A means for the projection of soft power: 'Spanish churches' at Rome 1469-1527

Baker-Bates, P.A. (2011). A means for the projection of soft power: 'Spanish churches' at Rome 1469-1527. Intersections: Interdisciplinary Studies in Early Modern Culture, 22

URL: http://www.brill.nl/foundation-dedication-and-cons...


In 1518 the ambassador of the Emperor Charles V at Rome, Don Jeronimo de Vich y Vallterra, laid the foundation stone for the rebuilding of the church of the Catalans at Rome—Santa Maria di Monserrato. In that same year, as a result of direct papal initiative, the same architect involved there—the Florentine Antonio da Sangallo—was also charged with rebuilding the church of the Castilians at Rome—San Giacomo degli Spagnoli. The dedication of both churches, unusual outside of the Iberian Peninsula, already proclaimed their national characteristics. Meanwhile work was ongoing at a yet third ‘Spanish’ church at Rome—San Pietro in Montorio; although extensive work had already taken place there over the forty years prior to 1518; most famously with the erection of Bramante’s Tempietto. San Pietro, situated on a prominent site overlooking the city, was intended as a visible representation at Rome of the unification of the Iberian Peninsula under Ferdinand and Isabella.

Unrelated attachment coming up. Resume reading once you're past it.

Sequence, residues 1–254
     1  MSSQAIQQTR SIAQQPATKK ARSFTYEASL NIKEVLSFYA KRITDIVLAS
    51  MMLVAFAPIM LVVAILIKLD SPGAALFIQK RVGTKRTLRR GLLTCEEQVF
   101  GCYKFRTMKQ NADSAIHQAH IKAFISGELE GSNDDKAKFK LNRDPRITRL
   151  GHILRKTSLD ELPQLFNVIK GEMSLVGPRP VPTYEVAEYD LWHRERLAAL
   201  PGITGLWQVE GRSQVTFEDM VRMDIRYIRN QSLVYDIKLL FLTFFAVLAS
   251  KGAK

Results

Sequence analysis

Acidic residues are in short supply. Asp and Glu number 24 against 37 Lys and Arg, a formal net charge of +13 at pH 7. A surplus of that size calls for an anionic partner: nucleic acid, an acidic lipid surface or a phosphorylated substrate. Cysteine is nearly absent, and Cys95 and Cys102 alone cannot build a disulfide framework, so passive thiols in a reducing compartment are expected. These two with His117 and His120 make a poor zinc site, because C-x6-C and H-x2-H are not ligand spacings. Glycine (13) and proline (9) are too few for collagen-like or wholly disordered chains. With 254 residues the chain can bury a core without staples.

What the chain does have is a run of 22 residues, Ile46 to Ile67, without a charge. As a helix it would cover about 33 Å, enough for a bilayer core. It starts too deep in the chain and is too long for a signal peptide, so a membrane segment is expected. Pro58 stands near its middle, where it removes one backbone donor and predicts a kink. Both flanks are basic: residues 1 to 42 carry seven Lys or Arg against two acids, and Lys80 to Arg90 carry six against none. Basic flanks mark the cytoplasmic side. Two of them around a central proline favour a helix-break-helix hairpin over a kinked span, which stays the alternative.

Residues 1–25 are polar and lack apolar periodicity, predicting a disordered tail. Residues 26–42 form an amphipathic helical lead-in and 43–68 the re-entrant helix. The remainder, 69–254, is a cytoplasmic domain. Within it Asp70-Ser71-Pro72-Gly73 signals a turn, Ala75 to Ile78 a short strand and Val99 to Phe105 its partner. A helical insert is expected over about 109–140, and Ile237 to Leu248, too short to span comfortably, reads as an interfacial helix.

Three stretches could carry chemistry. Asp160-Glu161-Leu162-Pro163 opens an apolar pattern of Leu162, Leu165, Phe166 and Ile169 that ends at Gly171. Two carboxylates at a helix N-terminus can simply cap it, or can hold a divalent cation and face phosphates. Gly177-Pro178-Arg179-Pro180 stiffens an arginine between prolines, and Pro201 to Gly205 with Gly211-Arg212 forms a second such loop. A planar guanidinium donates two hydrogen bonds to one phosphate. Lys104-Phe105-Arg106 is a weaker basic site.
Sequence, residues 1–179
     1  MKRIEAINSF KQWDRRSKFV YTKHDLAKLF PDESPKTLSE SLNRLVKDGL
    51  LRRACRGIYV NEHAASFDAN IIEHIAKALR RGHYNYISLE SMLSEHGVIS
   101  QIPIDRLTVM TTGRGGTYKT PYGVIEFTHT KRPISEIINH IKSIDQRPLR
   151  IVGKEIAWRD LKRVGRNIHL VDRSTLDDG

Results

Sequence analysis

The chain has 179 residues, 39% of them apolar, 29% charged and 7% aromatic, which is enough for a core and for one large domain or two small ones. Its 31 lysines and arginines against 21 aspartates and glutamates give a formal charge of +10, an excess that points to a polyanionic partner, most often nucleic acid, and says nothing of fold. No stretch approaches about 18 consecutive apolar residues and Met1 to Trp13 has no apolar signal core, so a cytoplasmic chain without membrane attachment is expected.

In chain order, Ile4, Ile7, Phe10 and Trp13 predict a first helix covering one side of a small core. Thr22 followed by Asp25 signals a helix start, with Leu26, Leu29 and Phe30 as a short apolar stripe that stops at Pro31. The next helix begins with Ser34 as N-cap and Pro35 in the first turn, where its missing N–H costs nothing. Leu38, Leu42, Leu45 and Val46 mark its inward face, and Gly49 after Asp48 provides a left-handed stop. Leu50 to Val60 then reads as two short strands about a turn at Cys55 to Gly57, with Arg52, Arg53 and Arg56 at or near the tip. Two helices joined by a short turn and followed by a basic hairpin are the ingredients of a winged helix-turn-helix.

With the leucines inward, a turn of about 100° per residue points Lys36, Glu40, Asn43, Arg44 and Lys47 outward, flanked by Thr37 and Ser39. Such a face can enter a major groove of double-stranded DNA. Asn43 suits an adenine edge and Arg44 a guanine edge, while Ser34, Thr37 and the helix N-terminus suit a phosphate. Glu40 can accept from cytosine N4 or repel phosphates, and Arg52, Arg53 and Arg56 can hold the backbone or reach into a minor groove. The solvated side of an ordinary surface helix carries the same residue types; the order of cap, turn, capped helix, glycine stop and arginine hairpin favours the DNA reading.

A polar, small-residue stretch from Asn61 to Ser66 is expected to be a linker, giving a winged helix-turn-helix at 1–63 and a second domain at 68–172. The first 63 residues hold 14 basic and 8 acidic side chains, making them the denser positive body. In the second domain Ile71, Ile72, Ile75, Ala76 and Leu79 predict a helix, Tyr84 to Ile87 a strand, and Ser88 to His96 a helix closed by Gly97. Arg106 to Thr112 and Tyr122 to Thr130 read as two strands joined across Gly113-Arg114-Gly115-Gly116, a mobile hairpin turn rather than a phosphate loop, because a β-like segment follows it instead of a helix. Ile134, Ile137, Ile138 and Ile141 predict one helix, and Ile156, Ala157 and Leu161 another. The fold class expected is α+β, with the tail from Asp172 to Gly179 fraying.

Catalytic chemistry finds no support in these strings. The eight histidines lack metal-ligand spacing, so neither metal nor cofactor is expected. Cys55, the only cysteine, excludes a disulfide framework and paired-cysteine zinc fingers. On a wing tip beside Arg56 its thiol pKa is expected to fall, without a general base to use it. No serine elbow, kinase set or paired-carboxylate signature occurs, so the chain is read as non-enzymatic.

While individual aspects of these three churches have been considered previously no over-all study has been made of this unprecedented spurt of construction of ‘national’ churches. The church of the German nation may be earlier but no other nationality had by 1518 such an obvious and extensive religious presence in Rome. Nor has emphasis been placed on how the ceremonies involved, of which the events of 1518 are one prominent example, are an affirmation through sacrality of Spanish power at Rome. This paper then will undertake to explore the variety of means through which the re-foundation and dedication of these three churches was as much a result of political aggrandisement as it was of necessity. In 1504 King Ferdinand had described Rome as the ‘plaza del mundo’ and he had already begun the very public acts, continued by his successor Charles, to ensure the visibility of the Hispanic presence in that particular ‘plaza’. And in this over-all strategy the rituals surrounding the national churches played a significant role.

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